City paying $16k for balcony replacement

Published 10:26 am Friday, October 5, 2018

Local attorney Gaines Baker was on the agenda again this week as the Batesville Mayor and Board of Aldermen considered quotes for the repair of the balcony removed from Baker’s building on the Downtown Square in 2016 during new sidewalk construction that was part of a city beautification project.

The board opened quotes from Brocato Construction ($47,377)  and Drake Metal Works ($16,906) for the project at the meeting. The quote from Drake did not include the pouring of footings sufficient to support the weight of a wrought-iron balcony while Brocato’s quote was inclusive.

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After the quote amounts were announced, Baker asked the board to consider contracting directly with him for $16,000, provided the city will complete the footings and finish the concrete.

Board members liked that suggestion and agreed to pay Baker $16,000 and asked Code Enforcement officer John McCollum to oversee the installation of the balcony, making sure all building requirements are met.

“If I have it built, or if the city had it built, it’s going to be built to acceptable engineering standards because I’m subject to have a gathering up there a time or two and I don’t want any problems,” Baker said, bringing ripples of laughter from across the room.

Before Baker removed the balcony at the city’s request, it was a popular hot spot for revelers on the Square, especially during SpringFest and other downtown events.

Aldermen, concerned about the load bearing limit of the balcony, asked Baker how many people he thought could safely attend his events.

“Well, I reckon that depends on how big the folks are and whether they are sitting or standing,” Baker replied.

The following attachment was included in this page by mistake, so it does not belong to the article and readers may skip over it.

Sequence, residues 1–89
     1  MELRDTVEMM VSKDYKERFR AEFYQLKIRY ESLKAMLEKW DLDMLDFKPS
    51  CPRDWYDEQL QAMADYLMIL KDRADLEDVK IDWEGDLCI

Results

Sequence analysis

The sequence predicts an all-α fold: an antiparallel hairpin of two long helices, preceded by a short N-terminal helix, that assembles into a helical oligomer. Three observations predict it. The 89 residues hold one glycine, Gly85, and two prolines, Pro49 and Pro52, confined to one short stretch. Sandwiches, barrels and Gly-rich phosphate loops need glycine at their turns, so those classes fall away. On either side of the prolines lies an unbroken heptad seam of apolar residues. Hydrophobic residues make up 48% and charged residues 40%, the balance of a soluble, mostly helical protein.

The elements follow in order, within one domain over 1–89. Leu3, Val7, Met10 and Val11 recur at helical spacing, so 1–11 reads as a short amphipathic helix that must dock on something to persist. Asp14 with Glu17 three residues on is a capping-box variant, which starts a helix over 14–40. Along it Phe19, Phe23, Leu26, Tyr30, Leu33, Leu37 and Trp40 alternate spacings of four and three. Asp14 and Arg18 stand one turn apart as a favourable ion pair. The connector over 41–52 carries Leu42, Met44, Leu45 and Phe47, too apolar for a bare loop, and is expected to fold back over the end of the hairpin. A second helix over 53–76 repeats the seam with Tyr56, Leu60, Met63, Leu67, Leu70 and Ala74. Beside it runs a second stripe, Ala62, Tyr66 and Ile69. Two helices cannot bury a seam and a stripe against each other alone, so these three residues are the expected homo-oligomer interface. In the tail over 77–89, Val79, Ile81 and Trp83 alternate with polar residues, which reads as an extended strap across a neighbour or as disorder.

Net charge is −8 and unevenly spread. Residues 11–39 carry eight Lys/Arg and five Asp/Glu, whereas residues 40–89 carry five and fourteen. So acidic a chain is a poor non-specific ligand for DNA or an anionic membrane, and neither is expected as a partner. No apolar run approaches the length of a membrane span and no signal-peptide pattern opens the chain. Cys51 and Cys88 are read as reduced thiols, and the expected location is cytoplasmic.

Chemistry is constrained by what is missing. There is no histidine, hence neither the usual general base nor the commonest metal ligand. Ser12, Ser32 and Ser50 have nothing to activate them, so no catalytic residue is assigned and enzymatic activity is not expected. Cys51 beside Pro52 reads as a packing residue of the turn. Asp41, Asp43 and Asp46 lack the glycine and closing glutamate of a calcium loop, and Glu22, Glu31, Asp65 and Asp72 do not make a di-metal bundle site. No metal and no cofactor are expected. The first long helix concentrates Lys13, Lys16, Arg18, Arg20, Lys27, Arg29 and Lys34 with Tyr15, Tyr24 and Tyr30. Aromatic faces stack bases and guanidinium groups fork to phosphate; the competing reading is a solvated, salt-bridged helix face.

The aldermen asked him no further questions.

The board took up several additional matters, including the following:

Fire Department

Firemen Stephen Sarkis, Devante Alexander, Lee Mitchell, and Cameron LaCook were approved to attend a Rope Rescue course scheduled for Sept. 27-29 and Oct. 11-13 in Oxford.

Approval was given for firemen Grant Thompson and Josh Wedgeworth to travel to the Mississippi Fire Academy to retake the final exam for the Trench Rescue class attended in August.

Approved the recommendation of Fire Chief Tim Taylor to make salary adjustments Johnathan Burke and Sean Copeland for completing necessary basic training at the Fire Academy.

Agreed to hire a full time certified fireman to help the fire department cover the C shift. Chief Taylor told aldermen one firemen is serving a military tour in Somalia and won’t be home until May, 2019 and seven fireman are not yet certified and will soon begin going to the Fire Academy in pairs for seven week each.

Taylor also said hiring an experienced firemen will help raise the average age in the department which is running lower than usual because of an upswing in turnover the past two years.

City Clerk

The board approved City Clerk Susan Berryhill’s request to hire a deputy clerk to fill an open position at City Hall.

Berryhill also asked board members to include in the meeting’s minutes a list of the streets they agreed to have resurfaced during last month’s budget negotiations. Designated for resurfacing in the spring of 2019 were Dettor St. (500 feet), PIne Lodge Lane (500 feet), and Mill Cross Rd. (2,000 feet).